Ms Gillard has conceded the association was a slush fund that Wilson and other union officials used to fund their re-election campaign.
She told West Australian authorities the purpose of the association was for training and workplace safety.
Federal Attorney-General Nicola Roxon says allegations against Ms Gillard are unwarranted.
“I’m totally satisfied that Julia had not done anything improper or anything unlawful and in fact no actual allegation of impropriety is being made against her,” Ms Roxon told ABC radio.
I wonder how much comfort that gives our Julia given the company it puts her in …
Ms Roxon was asked whether Mr Thomson should be suspended from the ALP until the matter is resolved.
“It’s an option in theory, and maybe as things develop,” she said.
“But we haven’t had actually any content. There’s been all this swirling allegation [but] no one actually is aware of what is being alleged in detail.”
And she was vigorously defending Mr Slipper after having every opportunity to read the emails that ensured he had no prospect of a defense …
On Tuesday night, it emerged during a Senate estimates hearing that the Attorney-General was briefed on June 9 about the hundreds of dubious or distasteful text messages sent by Slipper to his staffer James Ashby.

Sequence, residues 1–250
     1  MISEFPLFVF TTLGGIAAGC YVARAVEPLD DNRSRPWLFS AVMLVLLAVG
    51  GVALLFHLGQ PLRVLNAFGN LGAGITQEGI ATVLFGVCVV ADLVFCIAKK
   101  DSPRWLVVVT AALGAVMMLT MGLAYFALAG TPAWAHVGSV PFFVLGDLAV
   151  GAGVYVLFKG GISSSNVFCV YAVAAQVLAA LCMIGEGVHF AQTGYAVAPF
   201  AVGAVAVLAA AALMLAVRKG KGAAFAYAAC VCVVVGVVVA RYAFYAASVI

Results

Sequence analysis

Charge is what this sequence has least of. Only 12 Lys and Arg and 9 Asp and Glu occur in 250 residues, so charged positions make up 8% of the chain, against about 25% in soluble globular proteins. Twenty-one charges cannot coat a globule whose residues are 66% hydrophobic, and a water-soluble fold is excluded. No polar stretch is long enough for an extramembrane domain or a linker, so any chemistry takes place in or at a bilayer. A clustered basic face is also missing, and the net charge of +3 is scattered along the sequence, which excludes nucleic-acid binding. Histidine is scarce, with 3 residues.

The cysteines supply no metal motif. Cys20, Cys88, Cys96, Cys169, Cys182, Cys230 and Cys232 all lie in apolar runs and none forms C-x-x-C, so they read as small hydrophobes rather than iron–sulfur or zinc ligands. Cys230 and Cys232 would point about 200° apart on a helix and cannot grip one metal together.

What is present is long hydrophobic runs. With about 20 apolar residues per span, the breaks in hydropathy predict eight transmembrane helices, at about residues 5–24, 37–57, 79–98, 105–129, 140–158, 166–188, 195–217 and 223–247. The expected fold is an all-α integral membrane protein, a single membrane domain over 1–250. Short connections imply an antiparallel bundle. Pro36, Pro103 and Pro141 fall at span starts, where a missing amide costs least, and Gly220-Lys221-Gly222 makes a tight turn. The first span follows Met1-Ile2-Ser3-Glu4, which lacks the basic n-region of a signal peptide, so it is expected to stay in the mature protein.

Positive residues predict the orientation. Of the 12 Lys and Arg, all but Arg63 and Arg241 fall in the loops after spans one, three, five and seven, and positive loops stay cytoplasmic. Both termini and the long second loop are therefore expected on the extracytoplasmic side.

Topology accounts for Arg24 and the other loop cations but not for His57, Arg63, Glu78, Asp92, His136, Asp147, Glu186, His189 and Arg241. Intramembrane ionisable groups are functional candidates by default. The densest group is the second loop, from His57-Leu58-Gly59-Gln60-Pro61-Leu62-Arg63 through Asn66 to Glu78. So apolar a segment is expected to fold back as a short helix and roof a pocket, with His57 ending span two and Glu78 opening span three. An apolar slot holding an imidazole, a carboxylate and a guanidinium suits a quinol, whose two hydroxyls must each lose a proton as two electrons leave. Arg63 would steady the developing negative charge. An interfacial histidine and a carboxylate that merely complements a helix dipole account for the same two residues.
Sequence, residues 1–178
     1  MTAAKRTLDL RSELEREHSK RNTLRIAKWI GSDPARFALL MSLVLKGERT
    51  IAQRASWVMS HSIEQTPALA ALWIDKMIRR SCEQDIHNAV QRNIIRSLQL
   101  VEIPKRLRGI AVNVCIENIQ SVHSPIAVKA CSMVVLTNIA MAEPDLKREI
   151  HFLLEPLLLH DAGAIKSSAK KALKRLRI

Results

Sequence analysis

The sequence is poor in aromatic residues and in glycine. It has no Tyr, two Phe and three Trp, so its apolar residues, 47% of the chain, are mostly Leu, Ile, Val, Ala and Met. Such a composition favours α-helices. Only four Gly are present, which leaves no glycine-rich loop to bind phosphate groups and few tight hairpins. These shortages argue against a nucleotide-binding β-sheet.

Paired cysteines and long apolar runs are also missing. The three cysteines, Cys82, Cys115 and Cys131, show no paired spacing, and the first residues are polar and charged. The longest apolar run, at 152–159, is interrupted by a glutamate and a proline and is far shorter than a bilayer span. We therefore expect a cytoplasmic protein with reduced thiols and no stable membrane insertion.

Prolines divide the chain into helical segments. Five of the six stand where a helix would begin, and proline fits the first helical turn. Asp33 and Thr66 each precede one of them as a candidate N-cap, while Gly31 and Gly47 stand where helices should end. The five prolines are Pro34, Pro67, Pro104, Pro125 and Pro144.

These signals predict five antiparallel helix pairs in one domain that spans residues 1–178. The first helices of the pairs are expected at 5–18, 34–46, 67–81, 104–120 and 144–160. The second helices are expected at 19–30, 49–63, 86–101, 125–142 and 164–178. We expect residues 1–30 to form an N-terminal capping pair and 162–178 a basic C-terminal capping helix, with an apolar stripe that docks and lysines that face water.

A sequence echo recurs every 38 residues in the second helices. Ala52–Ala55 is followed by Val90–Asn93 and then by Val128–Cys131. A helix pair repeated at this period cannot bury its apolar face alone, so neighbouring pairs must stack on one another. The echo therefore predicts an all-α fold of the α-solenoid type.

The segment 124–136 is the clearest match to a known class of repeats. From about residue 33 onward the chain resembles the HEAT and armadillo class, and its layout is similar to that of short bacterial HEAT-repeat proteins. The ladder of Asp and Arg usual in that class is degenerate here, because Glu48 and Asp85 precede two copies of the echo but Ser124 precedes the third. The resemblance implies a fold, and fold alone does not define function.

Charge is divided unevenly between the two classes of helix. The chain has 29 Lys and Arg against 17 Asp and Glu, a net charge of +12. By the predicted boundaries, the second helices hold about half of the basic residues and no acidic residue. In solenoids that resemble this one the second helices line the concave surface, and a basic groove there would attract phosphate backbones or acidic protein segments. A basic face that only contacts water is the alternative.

Four days later, on June 13, Roxon instructed the Solicitor-General to seek to have Ashby’s case struck out. She also gave instructions to seek a waiver for the government to be allowed to use the texts to have Ashby sacked.
Also on June 13, in a further attempt to shut down the case, the government offered to pay damages to Ashby to settle his sexual harassment claim.
Two days later, despite her knowledge of the scale and nature of the texts sent by Slipper, the Attorney-General held a press conference and said this: ”The Commonwealth strongly believes that this process has been one which is really for an ulterior purpose … the Commonwealth has obtained a vast amount of material … It will be clearly shown … that there were in fact clear intentions to harm Mr Slipper and to bring his reputation into disrepute and to assist his political opponents and that was the purpose for the bringing of this claim.”